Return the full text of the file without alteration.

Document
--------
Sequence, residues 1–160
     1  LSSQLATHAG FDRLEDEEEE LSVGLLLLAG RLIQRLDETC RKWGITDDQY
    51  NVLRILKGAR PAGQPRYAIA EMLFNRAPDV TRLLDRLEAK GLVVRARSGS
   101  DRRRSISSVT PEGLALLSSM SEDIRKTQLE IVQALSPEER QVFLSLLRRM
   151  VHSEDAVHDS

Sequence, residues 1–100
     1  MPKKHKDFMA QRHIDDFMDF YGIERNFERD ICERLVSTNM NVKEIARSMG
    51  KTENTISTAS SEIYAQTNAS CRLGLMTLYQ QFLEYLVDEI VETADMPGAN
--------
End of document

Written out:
Sequence, residues 1–160
     1  LSSQLATHAG FDRLEDEEEE LSVGLLLLAG RLIQRLDETC RKWGITDDQY
    51  NVLRILKGAR PAGQPRYAIA EMLFNRAPDV TRLLDRLEAK GLVVRARSGS
   101  DRRRSISSVT PEGLALLSSM SEDIRKTQLE IVQALSPEER QVFLSLLRRM
   151  VHSEDAVHDS

Sequence, residues 1–100
     1  MPKKHKDFMA QRHIDDFMDF YGIERNFERD ICERLVSTNM NVKEIARSMG
    51  KTENTISTAS SEIYAQTNAS CRLGLMTLYQ QFLEYLVDEI VETADMPGAN